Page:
ould you play DDR without a dance pad? How about Duck Hunt without the gun? So why would we want to play an offline GameCube game when the primary draw on other systems was a phenomenal online mode? I love chocolate. But I wouldn’t want chocolate on my sirloin steak. Similarly, I love my GameCube, but that’s not where I want my Rainbow Six 3.
With that said, I readily acknowledge that this version maintains the tense emulation of counter-terrorism that has been the hallmark of the series. A spectacular exhibition of weaponry is compelling, while the nervous waiting behind a closed door is still exciting. The split screen co-op is reasonably well implemented, but it lacks the save checkpoints present in the single player campaign, making restarts a genuine frustration. Plus, co-op missions are only available once you’ve gotten to that point in the single-player mode, so don’t expect to play through the first time with your buddy.
The enemy AI is sadly lacking, as foes often stare blankly without moving while you methodically fill them with lead. Your allies are similarly foolish, as they frequently wander about near a door, jostling for space and seeming to silently whisper "Oh, pardon me" to each other until you’re ready to grenade them all for their own ineptitude. This led to an oddly perverse joy when my computer-driven teammates were finally incapacitated as I thought to myself, "Serves you right."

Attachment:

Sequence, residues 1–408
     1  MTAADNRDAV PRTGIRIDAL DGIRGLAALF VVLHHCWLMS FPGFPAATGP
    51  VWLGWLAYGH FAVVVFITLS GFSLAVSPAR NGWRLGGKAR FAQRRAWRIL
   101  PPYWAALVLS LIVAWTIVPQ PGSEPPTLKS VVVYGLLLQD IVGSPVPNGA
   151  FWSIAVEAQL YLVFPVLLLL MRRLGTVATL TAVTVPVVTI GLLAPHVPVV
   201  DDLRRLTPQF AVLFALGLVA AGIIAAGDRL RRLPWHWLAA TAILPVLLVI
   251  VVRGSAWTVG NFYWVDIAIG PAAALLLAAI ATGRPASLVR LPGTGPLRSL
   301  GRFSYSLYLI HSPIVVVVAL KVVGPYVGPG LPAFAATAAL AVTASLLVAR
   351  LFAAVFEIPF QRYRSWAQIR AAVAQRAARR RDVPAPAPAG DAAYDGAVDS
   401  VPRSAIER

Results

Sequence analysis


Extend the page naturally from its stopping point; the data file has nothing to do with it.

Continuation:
The indistinct visual backgrounds are made worse by the generally dark shading of most of the game, which lacks the distinguishing hues of gray and black that are essential to create the illusion. Facial models are fairly detailed, though, as are the gun models in your hands.
While the GameCube has several genres it excels at, the tactical shooter field clearly isn’t one of them. I’m sure it was that rationale that prompted this foray. But with so many casualties to the game’s original features, this mission was doomed almost from the start.